A Vinton G. Cerf Google
s the second decade of the 21st century dawns, predictions of global Internet digital transmissions reach as high as 667 exabytes (1018 bytes; http://en.wikipedia.org/ wiki/SI_prefix#List_of_SI_prefixes) per year by 2013 (see http://telephony online.com/global/news/cisco-ip-traffic -0609/). Based on this prediction, traffic levels might easily exceed many zettabytes (1021 bytes, or 1,000 exabytes) by the end of the decade. Setting aside the challenge of somehow transporting all that traffic and wondering about the sources and sinks of it all, we might also focus on the nature of the information being transferred, how it’s encoded, whether it’s stored for future use, and whether it will always be possible to interpret as intended.
Without exaggerating, it seems fair to say that storage technology costs have dropped dramatically over time. A 10-Mbyte disk drive, the size of a shoe box, cost US$1,000 in 1979. In 2010, a 1.5-Tbyte disk drive costs about $120 retail. That translates into about 104 bytes/$ in 1979 and more than 1010 bytes/$ in 2010. If storage technology continues to increase in density and decrease in cost per Mbyte, we might anticipate consumer storage costs drop
Published by the IEEE Computer Society
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ping by at least a factor of 100 in the next 10 years, suggesting petabyte (1015 bytes) disk drives costing between $100 and $1,000. Of course, the rate at which data can be transferred to and from such drives will be a major factor in their utility. Solid-state storage is faster but also more expensive, at least at present. A 1-Gbyte solid-state drive was available for $460 in late 2009. At that price point, a 1.5-Tbyte drive would cost about $4,600. These prices are focused on low-end consumer products. Larger-scale systems holding petabyte- to exabyte-range content are commensurately more expensive in absolute terms but possibly cheaper per Mbyte. As larger-scale systems are contemplated, operational costs, including housing, electricity, operators, and the like, contribute increasing percentages to the annual cost of maintaining large-scale storage systems. The point of these observations is simply that it will be both possible and likely that the amount of digital content stored by 2010 will be extremely large, integrating over government, enterprise, and consumer storage systems. The question this article addresses is whether we’ll be able to persistently and reliably retrieve and interpret the vast quantities of digital material stored away in various places. IEEE INTERNET COMPUTING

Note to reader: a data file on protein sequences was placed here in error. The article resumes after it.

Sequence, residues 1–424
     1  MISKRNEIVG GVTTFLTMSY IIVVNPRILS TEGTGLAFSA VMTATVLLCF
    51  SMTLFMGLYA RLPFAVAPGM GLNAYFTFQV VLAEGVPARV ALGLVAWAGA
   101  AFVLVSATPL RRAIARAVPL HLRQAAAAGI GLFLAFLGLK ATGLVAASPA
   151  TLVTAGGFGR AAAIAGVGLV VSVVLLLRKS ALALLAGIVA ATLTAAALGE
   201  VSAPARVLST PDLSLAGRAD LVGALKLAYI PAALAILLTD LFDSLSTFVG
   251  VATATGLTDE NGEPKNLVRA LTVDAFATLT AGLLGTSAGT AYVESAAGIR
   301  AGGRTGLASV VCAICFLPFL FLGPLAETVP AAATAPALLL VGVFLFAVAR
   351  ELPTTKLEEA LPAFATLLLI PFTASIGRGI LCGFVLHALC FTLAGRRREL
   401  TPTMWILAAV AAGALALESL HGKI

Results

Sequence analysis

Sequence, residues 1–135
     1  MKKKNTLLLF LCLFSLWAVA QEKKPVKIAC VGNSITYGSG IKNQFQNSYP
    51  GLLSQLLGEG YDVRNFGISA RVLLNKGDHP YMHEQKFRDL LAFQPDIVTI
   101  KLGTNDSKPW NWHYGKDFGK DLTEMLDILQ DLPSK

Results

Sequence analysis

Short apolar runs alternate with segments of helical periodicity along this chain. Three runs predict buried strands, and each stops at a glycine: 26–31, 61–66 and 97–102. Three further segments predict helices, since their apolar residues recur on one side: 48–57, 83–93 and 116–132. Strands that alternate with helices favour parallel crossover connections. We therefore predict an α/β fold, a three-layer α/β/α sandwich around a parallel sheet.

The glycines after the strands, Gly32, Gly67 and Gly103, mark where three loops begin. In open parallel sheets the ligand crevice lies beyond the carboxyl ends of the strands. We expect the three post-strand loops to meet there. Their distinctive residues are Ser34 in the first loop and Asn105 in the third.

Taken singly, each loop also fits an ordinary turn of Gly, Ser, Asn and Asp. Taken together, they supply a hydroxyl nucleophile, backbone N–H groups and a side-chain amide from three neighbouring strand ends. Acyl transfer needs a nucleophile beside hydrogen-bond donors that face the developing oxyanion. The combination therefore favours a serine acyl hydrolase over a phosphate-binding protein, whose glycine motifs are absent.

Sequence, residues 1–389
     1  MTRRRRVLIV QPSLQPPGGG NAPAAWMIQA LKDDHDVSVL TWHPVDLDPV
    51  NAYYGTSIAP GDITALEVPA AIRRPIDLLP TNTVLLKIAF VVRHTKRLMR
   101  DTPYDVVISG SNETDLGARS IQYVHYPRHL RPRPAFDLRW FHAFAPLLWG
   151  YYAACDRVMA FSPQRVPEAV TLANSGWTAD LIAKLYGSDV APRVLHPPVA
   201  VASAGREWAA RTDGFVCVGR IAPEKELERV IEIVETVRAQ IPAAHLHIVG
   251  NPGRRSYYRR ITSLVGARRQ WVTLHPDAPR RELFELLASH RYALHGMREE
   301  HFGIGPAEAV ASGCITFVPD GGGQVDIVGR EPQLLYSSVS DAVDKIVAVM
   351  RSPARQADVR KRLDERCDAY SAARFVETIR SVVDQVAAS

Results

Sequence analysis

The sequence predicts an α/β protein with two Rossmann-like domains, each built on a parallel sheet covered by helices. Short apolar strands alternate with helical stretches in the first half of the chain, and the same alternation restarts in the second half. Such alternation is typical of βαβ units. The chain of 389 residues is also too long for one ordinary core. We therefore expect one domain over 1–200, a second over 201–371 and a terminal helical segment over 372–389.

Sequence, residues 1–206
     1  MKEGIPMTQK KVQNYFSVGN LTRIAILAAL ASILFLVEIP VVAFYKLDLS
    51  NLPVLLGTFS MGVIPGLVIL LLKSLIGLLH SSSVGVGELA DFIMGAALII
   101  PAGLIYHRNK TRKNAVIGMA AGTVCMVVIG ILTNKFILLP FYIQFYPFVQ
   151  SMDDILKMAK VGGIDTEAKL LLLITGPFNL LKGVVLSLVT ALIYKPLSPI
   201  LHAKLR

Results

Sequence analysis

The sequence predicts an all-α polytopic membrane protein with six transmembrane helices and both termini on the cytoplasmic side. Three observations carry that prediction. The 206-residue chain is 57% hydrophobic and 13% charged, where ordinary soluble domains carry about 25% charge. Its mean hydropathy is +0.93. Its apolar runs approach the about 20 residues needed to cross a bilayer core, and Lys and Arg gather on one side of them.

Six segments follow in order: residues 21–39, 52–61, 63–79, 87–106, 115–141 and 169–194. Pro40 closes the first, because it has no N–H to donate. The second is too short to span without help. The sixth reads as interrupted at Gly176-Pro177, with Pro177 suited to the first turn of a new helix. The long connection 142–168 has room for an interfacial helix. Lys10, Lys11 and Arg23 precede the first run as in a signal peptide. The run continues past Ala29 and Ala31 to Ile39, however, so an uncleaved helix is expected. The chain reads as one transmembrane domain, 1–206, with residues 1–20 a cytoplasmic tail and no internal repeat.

Storage media have finite lifetimes. How many 7-track tapes can still be read, even if you can find a 7-track tape drive to read them? What about punched paper tape? CD-ROM, DVD, and other polycarbonate media have uncertain lifetimes, and even when we can rely on them to be readable for many years, the equipment that can read these media might not have a comparable lifetime. Digital storage media such as thumb drives or memory sticks have migrated from Personal Computer Memory Card International Association (PCM-CIA) formats to USB and USB 2.0 connectors, and older devices might not interconnect to newer computers, desktops, and laptops. Where can you find a computer today that can read 8” Wang word processing disks, or 5 1/4” or 3 1/2” floppies? Most likely in a museum or perhaps in a specialty digital archive.
The digital objects we store are remarkably diverse and range from simple text to complex spreadsheets, encoded digital images and video, and a wide range of text formats suitable for editing, printing, or display among many other application-specific formats. Anyone who has used local or remote computing services, and who has stored information away for a period of years, has encountered problems with properly interpreting